Plan your gastronomic visit to Athens including visits to producers, walking food tours, cooking lessons and day trips related to gastronomy

Mandolato

Mandolato: Venetian sweet, popular during Venetian rule in Greece. Chewy, nutty nougat made with egg whites, honey, and candied fruits, enjoyed year-round.

Close-up of ‘mandolato’ or ‘nougat’ with almonds split in two

Mandolato is a typical Venetian sweet. During the reign of the Venetians in parts of Greece, it was the favorite sweet of the aristocracy. Its name derives from the Italian word mandorla (almond).

The mandolato or nougat, as it is commonly known in the rest of Europe, is a category of sweets made from egg whites, baked nuts (almonds, walnuts, peanuts, hazelnuts, and macadamia), minimal amounts of sugar and a lot of honey, with the possible addition of candied fruits.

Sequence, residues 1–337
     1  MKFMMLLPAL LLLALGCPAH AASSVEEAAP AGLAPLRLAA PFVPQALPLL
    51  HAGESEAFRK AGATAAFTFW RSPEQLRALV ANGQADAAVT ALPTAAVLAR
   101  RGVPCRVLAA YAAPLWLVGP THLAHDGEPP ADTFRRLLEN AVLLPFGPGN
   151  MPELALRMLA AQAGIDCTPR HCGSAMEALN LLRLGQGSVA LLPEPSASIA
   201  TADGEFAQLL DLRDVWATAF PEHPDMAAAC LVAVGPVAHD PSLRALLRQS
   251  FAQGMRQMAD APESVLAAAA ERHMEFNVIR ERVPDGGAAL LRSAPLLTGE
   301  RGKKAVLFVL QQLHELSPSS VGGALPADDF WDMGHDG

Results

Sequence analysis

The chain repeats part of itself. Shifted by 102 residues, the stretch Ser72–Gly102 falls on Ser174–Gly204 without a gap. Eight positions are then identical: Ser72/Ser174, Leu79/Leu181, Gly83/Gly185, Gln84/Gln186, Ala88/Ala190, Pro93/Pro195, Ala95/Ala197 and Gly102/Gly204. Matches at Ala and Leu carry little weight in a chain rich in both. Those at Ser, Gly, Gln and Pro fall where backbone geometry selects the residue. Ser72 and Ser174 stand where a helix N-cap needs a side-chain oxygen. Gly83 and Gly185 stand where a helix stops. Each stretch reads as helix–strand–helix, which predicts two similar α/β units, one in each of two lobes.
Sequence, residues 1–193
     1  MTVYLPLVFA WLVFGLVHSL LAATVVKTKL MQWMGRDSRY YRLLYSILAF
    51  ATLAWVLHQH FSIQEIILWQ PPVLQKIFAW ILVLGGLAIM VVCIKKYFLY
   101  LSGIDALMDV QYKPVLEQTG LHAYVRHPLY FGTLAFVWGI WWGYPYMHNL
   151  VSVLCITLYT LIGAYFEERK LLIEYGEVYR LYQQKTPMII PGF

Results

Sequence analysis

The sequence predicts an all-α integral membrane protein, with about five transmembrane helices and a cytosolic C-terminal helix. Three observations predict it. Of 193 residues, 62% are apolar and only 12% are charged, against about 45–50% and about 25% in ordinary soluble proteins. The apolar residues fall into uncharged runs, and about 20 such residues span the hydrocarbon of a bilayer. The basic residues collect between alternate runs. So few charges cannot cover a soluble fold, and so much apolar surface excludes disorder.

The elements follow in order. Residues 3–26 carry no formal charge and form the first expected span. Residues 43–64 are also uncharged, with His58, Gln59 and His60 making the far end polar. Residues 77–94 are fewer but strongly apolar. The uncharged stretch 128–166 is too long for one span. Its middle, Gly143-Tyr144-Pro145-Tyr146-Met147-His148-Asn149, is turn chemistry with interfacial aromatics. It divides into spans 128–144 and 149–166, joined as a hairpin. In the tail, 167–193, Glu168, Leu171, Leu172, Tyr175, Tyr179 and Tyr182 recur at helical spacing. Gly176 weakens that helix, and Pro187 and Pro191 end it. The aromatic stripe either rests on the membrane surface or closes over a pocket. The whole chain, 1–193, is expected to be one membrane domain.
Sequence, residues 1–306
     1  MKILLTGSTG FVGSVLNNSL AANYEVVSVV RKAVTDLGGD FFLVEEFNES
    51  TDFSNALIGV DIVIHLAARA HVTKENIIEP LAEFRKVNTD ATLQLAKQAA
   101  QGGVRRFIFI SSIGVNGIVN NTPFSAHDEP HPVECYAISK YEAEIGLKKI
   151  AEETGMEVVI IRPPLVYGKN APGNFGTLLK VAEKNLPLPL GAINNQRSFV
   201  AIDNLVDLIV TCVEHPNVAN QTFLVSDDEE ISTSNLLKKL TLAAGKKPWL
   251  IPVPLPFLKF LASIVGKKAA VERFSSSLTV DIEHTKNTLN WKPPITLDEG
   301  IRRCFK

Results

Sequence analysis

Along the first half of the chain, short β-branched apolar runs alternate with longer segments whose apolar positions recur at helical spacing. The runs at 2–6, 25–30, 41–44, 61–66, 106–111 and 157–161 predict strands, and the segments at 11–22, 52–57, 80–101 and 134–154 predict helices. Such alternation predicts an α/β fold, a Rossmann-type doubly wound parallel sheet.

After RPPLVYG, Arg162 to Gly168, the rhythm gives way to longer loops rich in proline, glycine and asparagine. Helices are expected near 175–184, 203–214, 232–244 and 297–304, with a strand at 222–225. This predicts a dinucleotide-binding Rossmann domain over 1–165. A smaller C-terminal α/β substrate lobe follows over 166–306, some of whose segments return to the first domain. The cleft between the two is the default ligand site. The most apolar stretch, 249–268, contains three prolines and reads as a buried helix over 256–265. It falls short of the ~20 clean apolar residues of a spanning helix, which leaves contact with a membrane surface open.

The classic mandolato is pleasantly chewy in texture, smooth and shiny and with a spicy flavor. Reportedly, the crisp mandolato, during the Venetian reign, was a product highly favored by the aristocracy while the softest and tender type was for everyone else. The mandolato is considered by some to be somewhat difficult to consume, sometimes too hard to bite, sometimes sticking to the teeth. It is consumed all year round.

In an older era, street vendors sold them wrapped in paper to sports fans outside playing fields.

 

 

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